On View

‘Punk: Chaos to Couture’ at the Metropolitan Museum of Art

Installation view of D.I.Y.: Hardware section. (© Metropolitan Museum of Art)

Installation view of D.I.Y.: Hardware section. (© Metropolitan Museum of Art)

It’s too easy to make fun of the Met’s new “Punk: Chaos to Couture” show. There was the chipper press preview at 10 a.m. on a Monday morning bustling with well-groomed junior fashion editors in leather pants and Walter Steiger heels, the facsimile of CBGB’s bathroom circa 1975, complete with graffitied urinals and cigarette butts, and Anne Hathaway and Miley Cyrus playing platinum punk Barbies at the Costume Institute gala—mockable incongruities served up on a silver platter.

It’s not that the Met team was unaware of the disparity between the show’s subject and its venue or poorly versed on its material. Richard Hell and Johnny Rotten contributed catalog essays. Andrew Bolton, curator of the Institute, assembled its dramatic Alexander McQueen retrospective, and he argues clear-sightedly and with verve here that punk’s defining characteristic was “customization,” a precursor to contemporary Internet culture, in which consumption and creation are closely linked.

However, the work in the show only occasionally bears out this argument. It starts loudly, with the CBGB bathroom and bursts of music from the Ramones, and quickly moves to a recreation of Malcolm McLaren and Vivienne Westwood’s London boutique, Seditionaries, whose clothes smack of bondage gear, S&M, military uniforms and cozy red and black mohair sweaters. Ms. Westwood’s shirts, like Tits (1976-80), have their eponymous items printed on white cotton muslin. They are terrific, crude objects, undressing the wearer and violating the viewer simultaneously: as Dada as clothing can be. (Another shirt just reads: “Rape.”) The duo’s unconventional use of materials and repurposed shapes (parachute fabric, bondage trousers) would influence Japanese designers Junya Watanabe and Yohji Yamamoto and presage the DIY enterprises of succeeding British outsiders, like Tracey Emin and Sara Lucas’s Shop and Damien Hirst’s era-defining “Freeze” show.

Facsimile of CBGB bathroom, New York, 1975. (© Metropolitan Museum of Art)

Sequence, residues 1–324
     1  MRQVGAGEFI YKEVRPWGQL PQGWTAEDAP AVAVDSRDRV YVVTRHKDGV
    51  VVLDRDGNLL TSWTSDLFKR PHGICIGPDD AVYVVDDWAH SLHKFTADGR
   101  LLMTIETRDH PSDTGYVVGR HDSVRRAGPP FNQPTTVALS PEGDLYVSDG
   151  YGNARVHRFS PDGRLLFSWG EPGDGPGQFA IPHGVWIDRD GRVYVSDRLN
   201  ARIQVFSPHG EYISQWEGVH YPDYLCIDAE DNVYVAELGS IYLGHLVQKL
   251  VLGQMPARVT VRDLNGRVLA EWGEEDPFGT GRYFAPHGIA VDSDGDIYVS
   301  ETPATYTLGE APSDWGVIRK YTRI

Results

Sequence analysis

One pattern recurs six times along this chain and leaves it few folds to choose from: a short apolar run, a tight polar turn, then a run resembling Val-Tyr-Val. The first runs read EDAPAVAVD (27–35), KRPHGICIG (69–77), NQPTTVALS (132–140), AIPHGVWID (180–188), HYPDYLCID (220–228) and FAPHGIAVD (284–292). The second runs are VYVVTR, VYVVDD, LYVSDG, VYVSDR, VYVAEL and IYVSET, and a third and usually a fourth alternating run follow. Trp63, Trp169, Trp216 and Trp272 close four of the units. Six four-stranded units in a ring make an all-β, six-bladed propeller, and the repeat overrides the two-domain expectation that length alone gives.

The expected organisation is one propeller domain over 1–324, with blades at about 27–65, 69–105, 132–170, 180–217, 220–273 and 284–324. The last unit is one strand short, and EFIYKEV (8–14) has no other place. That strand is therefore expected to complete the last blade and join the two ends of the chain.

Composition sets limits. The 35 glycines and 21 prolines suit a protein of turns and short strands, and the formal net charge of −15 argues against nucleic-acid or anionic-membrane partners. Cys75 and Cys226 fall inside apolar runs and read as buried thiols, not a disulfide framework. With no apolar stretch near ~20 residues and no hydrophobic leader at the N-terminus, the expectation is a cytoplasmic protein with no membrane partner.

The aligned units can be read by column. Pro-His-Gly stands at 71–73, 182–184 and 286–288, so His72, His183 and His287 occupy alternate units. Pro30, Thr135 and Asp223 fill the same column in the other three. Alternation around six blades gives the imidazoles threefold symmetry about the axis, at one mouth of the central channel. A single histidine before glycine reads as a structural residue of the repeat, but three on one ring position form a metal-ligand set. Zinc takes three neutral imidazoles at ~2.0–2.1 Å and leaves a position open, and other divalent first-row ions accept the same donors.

Facsimile of CBGB bathroom, New York, 1975. (© Metropolitan Museum of Art)

Punk looked great: black eyeliner, spiky and ragged crew cuts, ripped T-shirts, leather jackets, leotards with no pants for women, everything with spikes, chains and zippers. Its stripped-down style facilitated activities like pogo-dancing at Slits and Sex Pistols shows and spitting beer at or kicking the shit out of rival cliques like Teddy Boys or Mods.

But while the early pieces are vintage, the Doc Martens and Converse that the mannequins wear are incongruously clean and new. Stranger still are the couture pieces that punk “inspired.” Burberry’s jacket of black leather lambskin (2013) looks expensive and crafty, not anarchist (doubly so when Sienna Miller sported it at the gala). A Rodarte red and black mohair knit dress loses the meaning of McLaren/Westwood sweaters in translation.

Down a long hall come cuts inspired by punk, many of them riffs on the safety pin: Gianni Versace’s dress from spring/summer 1994 is all crêpe de chine with gold metal safety pins down one side, the garment that made Elizabeth Hurley famous. It’s an indicator of where the show is going: not to punk, but punk-inspired couture. The walls here are a nice touch: cavernous faux-brick or latex-sheeted like the interior of a nightclub, they are painted and repainted that flat black that hides evidence of vomit, cigarette smoke and daylight.

A section on graffiti is a dud. It proposes that bricolage, graffiti and agitprop lurk in punk’s slogan-ridden scrawl on clothes, then traces this premise to meaningless patterns on expensive frocks. Belgian designer Ann Demeulemeester’s paint-spattered silk dresses from 2006 are simply boring: treacly Pollocks repurposed for tea parties. Ms. Westwood’s 2006 belt and T-shirt bearing the text “I AM NOT A TERRORIST Please don’t arrest me” stand out as nearly the only highlight.

There just aren’t enough loans to wow viewers unmoved by the more intensely commercial side of fashion, though there are some bright spots, like a bunch of Comme des Garçons mannequins bundled in wool and silk satin ensembles held together by elastic bands. They are thoughtfully deconstructed, as are some Margiela adhesive-tape dresses and white plastic shopping bag bodysuits.

The couture clothing is beautifully detailed, as Gareth Pugh’s trash-bag gowns make voluminously apparent, but the energy of original punk players like Jordan, Sid Vicious, Richard Hell and Patti Smith, channeled through wall-sized videos, make names like John Galliano, Karl Lagerfeld, Helmut Lang, Hedi Slimane and others look dull.

Gallery view of D.I.Y.: Graffiti & Agitprop section. (© Metropolitan Museum of Art)

Gallery view of D.I.Y.: Graffiti & Agitprop section. (© Metropolitan Museum of Art)

This exhibition is pitched to a fashion crowd, not a general audience—a fatal flaw. Guido Palau, of the grunge bouffant, couture ponytail and dry, big, medieval braids, has done the mannequin hair treatments here; he’s famous in fashion, but his wigs make the mannequins look more like troll dolls than punks. (For punk mannequins, see Stewart Uoo’s fantastically accessorized and torched sculptures of women, replete with maggot larvae, on display now at the Whitney.) We expect something a bit extra when we see clothing in a museum—something that takes it beyond commerce to achieve a level of illumination marked by awe, historical merit and creative ingenuity. Mr. Bolton’s McQueen had this in spades, but in “Punk” it is sadly lacking. He might be a curator whose strength is monographic exhibitions—individual names and brands, not thematics, rule the day here.

(Through August 14, 2013)

Follow Maika Pollack via RSS.